Here's how much credit card debt the average American has — and when they think they'll pay it off

If “you’re on the verge of falling behind, speak up.”


Americans have an average of $5,315 in credit card debt, according to credit bureau Experian's latest findings. That might seem like a big number, but consumers are spending wisely and getting better at paying down their balances. Most people think they can knock that out in about two years.

Researchers at the financial resource website Inside 1031 polled 1,000 U.S. adults with at least one credit card about their credit usage, current debt, and timeline to get their balance to zero.

Of the 56% of respondents who said it would take at least two years to pay off their debt, almost a quarter think it will take two years exactly. Meanwhile, 30% believe their range is between 3 and 5 years. The last 3% don't think they will ever be able to pay off their credit cards.

'If you're on the verge of falling behind, speak up'

For those who say it will take longer to pay their debt, the pandemic is a big reason why. The crisis stretched people's dollars thin and forced many to turn to credit to pay crucial expenses and fill in the financial gaps. About half, 49%, of consumers in the survey said they depend on credit to cover their necessities.

Since March 2020, in fact, 45% have taken on more credit card debt and 55% carry a month-to-month balance. This year, 31% have missed at least one payment, according to the report.  

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There are avenues for help if you need it. If you are missing payments, your score is dropping, and "you're on the verge of falling behind, speak up," says analyst Ted Rossman. "Many lenders have hardship programs, and nonprofit credit counseling agencies such as Money Management International are excellent resources."

How to tackle credit card debt head-on

Americans are making strides to achieve better credit. The average balance dropped 14% in 2020. FICO scores are up too: The average hit a record 710 last year, and members of most generations saw a bump.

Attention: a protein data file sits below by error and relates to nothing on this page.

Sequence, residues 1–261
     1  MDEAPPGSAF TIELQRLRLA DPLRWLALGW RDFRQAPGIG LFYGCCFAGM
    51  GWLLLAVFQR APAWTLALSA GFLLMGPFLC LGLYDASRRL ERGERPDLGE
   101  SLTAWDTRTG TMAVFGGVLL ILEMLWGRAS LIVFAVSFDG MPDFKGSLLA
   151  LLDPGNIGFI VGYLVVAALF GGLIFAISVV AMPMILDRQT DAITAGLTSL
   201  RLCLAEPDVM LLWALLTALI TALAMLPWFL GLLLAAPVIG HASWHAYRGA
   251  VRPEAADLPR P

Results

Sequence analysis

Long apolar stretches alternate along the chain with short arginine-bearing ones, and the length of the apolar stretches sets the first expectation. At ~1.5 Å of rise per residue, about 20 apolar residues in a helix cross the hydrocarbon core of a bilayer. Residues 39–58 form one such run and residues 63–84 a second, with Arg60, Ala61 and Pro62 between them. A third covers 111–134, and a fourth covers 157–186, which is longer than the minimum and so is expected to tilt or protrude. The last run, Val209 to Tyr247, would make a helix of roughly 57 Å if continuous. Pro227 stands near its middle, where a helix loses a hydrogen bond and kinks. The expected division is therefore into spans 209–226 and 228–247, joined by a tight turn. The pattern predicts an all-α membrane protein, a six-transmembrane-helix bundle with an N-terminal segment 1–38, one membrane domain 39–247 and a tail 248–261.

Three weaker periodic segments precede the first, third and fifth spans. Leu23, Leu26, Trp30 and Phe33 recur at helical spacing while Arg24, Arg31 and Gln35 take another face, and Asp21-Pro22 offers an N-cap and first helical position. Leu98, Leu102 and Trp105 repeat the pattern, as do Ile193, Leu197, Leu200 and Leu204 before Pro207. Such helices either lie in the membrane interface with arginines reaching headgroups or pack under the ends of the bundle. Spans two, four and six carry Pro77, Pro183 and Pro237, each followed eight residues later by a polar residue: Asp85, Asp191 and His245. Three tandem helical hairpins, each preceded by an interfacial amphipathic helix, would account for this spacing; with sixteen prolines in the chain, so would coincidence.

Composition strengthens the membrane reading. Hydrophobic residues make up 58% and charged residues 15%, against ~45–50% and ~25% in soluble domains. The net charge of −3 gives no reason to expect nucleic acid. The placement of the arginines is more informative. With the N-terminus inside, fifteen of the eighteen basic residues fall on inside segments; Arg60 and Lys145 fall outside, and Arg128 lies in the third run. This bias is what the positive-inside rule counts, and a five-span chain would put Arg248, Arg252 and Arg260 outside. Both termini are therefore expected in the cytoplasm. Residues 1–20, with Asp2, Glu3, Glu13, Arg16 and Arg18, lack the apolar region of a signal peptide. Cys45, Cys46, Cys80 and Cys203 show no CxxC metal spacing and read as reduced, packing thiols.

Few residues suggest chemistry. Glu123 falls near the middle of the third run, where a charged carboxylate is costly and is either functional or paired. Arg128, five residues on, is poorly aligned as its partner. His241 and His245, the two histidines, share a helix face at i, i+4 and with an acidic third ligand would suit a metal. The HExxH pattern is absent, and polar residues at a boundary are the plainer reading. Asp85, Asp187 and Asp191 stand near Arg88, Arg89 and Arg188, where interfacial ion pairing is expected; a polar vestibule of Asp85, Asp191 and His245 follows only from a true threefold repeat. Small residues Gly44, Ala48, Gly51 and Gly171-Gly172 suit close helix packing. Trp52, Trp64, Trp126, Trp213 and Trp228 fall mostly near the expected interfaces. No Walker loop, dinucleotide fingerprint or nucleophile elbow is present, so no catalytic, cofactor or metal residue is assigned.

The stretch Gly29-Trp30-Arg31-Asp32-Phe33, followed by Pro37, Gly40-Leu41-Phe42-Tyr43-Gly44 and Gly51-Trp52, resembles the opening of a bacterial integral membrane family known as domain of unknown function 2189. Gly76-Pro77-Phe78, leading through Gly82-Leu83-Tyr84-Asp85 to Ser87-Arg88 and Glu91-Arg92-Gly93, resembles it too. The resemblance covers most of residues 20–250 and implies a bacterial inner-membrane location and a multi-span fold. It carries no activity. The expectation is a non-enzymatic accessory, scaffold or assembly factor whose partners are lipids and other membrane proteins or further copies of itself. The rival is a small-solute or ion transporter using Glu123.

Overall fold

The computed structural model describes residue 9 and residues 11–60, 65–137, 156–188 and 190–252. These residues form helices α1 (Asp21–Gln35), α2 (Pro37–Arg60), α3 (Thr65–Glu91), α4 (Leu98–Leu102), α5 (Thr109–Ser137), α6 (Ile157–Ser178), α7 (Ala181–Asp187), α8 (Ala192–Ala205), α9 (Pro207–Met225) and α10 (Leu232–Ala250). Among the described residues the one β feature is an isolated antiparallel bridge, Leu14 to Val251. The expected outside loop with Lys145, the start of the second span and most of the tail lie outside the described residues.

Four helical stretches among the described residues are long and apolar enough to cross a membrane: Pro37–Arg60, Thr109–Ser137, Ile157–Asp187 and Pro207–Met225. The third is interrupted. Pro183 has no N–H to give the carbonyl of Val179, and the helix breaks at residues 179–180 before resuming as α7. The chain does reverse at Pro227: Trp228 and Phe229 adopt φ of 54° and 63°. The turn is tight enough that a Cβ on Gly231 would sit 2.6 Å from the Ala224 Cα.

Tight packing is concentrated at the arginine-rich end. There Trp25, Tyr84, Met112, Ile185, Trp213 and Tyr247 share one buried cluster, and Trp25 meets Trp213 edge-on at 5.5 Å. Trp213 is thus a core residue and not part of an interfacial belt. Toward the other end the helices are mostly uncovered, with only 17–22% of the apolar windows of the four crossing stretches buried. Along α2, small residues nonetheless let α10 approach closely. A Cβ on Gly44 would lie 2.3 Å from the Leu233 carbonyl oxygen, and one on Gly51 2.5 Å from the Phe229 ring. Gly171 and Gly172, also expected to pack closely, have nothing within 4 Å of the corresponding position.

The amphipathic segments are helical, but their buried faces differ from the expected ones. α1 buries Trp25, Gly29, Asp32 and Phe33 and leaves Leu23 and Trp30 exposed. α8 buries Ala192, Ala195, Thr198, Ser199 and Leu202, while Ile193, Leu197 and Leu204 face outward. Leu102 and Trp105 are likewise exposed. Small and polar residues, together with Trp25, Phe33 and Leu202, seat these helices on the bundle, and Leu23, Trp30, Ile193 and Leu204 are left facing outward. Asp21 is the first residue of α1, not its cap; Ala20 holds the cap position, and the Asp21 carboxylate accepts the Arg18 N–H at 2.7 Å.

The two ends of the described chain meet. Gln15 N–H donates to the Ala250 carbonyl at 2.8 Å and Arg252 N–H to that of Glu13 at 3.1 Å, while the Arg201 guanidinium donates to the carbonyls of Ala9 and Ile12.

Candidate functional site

That's great news, Rossman says, "since we're 18 months into an unprecedented pandemic and we endured a sharp, albeit short, recession with a huge spike in unemployment."

A great way to tackle debt is head-on, as long as you have the right tools at your disposal. Experts suggest exploring the possibility of getting a balance transfer card, for example, which allows you to transfer debt from a high-interest card to one that offers no interest from anywhere between a year to 20 months.

Be sure you can pay off the debt before the 0% interest introductory period ends, warns Kim Hardy, CPA/CFF, member of the American Institute of CPAs' Financial Literacy Commission. And watch your spending: "Many of the balance transfer cards also come with the zero APR for purchases, so a lot of people find themselves in more debt than in the beginning, because you're continuing to purchase new items," she previously told Grow.

The biggest step is making a financial plan. "If you can't pay it off within that time, definitely make sure that the interest rate after that introductory period is still saving you money compared to your current interest rate," she added. "The biggest thing is having a plan and making sure you can pay off the debt."

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